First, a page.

hyperosmolar non-ketotic hyperglycaemia
Last reviewed 10/2018
hyperglycemic hyperosmolar state (HHS)
Hperglycemic hyperosmolar state (HHS) previously known as hyperosmolar nonketotic (HONK) coma is a syndrome characterized by extreme elevations in serum glucose concentrations, hyperosmolality and dehydration without significant ketosis (1,2).
- characteristic features that differentiate it from other hyperglycaemic states such as DKA are:
- marked hyperglycaemia (30 mmol/L or more) without significant hyperketonaemia (7.3, bicarbonate >15 mmol/L)
- osmolality usually 320 mosmol/kg or more
- N.B. - a mixed picture of HHS and DKA may occur (2)
Incidence of HHS is unknown but is thought to be <1% of hospital admissions in patients with diabetes
- it is common in elderly patients with type 2 diabetes, but HHS has also been reported in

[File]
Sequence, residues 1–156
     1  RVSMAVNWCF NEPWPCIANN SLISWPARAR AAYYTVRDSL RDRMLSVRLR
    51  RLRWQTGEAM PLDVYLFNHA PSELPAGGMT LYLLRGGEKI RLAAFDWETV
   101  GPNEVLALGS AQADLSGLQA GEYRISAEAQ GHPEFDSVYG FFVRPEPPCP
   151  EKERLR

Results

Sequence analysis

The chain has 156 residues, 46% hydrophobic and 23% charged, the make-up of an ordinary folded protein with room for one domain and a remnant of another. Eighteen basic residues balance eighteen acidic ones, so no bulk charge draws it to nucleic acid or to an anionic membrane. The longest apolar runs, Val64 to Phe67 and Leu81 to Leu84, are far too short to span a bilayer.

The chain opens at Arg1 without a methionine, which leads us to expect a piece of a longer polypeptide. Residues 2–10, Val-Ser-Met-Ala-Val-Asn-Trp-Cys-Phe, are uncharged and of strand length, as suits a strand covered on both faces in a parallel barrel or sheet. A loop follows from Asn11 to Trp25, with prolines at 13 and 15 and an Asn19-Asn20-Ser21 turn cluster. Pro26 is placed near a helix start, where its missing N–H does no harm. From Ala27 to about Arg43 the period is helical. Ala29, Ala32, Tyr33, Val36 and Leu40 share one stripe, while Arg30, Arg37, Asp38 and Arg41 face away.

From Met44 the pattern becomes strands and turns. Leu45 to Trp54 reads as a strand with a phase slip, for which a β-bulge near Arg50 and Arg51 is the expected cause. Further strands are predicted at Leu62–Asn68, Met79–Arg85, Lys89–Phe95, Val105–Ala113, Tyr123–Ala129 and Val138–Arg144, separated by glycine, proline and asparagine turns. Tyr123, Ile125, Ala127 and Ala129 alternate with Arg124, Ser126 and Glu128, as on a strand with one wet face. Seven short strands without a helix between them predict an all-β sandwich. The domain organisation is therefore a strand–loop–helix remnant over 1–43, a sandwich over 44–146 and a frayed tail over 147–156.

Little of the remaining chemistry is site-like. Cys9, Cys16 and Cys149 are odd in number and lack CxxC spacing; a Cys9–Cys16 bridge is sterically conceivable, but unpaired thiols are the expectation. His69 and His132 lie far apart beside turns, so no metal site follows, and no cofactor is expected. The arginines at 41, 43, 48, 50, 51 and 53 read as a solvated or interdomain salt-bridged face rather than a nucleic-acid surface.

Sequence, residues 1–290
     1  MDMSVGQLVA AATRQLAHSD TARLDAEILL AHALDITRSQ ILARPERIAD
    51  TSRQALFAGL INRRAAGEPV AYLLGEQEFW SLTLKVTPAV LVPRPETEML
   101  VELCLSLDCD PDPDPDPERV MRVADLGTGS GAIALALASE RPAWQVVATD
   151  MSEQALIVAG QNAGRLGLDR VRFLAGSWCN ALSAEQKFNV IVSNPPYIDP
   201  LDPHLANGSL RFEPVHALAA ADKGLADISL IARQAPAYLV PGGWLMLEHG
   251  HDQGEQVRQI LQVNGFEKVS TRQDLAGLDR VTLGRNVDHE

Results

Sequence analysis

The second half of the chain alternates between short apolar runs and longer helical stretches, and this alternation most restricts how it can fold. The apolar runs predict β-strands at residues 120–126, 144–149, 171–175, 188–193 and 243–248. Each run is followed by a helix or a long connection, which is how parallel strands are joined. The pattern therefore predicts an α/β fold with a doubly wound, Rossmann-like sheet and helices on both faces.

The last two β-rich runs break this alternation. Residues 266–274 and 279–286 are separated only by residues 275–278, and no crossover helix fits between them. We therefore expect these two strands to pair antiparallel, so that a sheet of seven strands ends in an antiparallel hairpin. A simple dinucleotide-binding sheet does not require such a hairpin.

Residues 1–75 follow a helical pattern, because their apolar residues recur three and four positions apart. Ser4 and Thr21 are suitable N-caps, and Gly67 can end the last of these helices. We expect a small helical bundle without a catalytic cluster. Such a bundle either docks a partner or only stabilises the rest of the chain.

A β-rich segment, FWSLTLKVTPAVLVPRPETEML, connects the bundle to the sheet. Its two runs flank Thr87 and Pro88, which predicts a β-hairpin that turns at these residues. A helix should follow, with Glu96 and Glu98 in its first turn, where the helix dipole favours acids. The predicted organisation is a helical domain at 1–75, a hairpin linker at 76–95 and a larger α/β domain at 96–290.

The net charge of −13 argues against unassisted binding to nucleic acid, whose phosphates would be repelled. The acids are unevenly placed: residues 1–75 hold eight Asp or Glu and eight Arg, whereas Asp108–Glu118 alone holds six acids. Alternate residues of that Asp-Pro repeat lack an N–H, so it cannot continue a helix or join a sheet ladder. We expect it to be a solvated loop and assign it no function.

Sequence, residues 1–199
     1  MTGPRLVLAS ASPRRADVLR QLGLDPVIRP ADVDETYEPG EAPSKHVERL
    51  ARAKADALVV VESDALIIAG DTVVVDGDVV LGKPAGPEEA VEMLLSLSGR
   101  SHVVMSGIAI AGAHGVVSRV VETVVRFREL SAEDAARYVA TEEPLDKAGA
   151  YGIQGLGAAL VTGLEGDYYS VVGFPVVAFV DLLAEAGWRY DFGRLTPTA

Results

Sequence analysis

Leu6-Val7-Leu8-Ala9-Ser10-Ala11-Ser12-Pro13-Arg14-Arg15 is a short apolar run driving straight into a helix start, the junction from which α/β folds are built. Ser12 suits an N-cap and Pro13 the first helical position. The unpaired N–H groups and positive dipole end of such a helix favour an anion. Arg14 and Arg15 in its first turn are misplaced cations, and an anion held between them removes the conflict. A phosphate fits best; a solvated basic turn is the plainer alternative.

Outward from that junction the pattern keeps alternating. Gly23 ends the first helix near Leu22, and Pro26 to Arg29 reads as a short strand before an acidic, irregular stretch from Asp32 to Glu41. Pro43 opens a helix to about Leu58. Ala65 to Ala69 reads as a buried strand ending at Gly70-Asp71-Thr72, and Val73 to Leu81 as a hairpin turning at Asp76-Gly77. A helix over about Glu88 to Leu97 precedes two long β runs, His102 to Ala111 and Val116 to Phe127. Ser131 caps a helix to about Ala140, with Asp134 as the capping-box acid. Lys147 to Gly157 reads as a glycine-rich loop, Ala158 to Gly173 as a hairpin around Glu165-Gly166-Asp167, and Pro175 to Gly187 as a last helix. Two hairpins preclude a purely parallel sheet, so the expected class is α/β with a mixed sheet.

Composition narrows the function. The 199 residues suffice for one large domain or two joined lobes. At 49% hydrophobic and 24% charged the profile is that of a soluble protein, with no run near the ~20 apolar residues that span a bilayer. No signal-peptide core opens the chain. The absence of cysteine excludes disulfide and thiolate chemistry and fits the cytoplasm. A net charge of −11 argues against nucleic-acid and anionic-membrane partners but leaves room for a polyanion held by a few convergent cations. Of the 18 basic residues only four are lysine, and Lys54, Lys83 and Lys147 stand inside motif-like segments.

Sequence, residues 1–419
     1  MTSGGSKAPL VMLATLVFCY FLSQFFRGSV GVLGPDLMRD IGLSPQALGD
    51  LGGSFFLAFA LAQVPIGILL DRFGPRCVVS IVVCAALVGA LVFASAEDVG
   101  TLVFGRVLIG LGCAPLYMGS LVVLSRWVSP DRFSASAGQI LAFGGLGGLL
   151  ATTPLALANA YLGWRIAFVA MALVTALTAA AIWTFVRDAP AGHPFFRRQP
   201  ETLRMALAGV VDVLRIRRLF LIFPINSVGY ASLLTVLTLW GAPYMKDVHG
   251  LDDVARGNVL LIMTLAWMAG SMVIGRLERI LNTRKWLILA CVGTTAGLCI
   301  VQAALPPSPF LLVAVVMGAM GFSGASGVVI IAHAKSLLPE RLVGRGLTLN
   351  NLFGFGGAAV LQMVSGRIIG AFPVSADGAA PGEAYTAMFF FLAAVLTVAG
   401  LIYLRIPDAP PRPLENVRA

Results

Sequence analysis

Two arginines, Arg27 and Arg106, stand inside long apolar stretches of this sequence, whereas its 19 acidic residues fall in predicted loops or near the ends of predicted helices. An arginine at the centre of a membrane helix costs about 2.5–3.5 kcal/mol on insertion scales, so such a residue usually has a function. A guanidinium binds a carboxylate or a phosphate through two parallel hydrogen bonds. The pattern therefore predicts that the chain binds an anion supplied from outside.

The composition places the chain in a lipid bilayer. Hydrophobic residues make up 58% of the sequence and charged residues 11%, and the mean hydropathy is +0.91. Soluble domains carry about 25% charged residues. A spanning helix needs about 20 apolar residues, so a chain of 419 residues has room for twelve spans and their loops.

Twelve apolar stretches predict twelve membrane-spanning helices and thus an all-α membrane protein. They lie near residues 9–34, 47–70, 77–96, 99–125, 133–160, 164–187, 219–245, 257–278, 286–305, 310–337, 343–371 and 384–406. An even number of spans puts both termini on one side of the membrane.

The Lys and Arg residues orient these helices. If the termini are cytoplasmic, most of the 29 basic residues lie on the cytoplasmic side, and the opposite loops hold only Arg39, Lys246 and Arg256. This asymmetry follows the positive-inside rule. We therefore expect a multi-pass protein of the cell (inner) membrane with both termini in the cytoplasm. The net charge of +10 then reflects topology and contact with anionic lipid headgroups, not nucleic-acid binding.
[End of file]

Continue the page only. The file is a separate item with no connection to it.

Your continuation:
- children (in infants, especially those with 6q24-related transient neonatal diabetes mellitus )
- young adults
- in type 1 diabetes subjects
- in children it is less frequent when compared to diabetic ketoacidosis (DKA)
- mortality rate is estimated to be as high as 20% (10 times higher than in diabetic ketoacidosis) (1).
Gradually increasing polyuria and polydipsia will result in profound dehydration and electrolyte loss in a patient.
- in adults with HHS, fluid loss is estimated to be twice as those with DKA
- signs of dehydration may be less evident due to hypertonicity which preserves intravascular volume (1)
Osmolality can be calculated from the formula:
osmolality = 2(Na+K) + urea + glucose
Note that serum sodium may be low, despite the fact that the patient is severely hyperosmolar. This is due to the redistribution of fluid into the extracellular fluid (secondary to the high glucose level).
- (1) Wolfsdorf JI et al. Diabetic ketoacidosis and hyperglycemic hyperosmolar state. Pediatr Diabetes. 2014;15 Suppl 20:154-79.
- (2) Pasquel FJ, Umpierrez GE. Hyperosmolar hyperglycemic state: a historic review of the clinical presentation, diagnosis, and treatment. Diabetes Care. 2014;37(11):3124-31.
diagnostic process - history, examination and investigation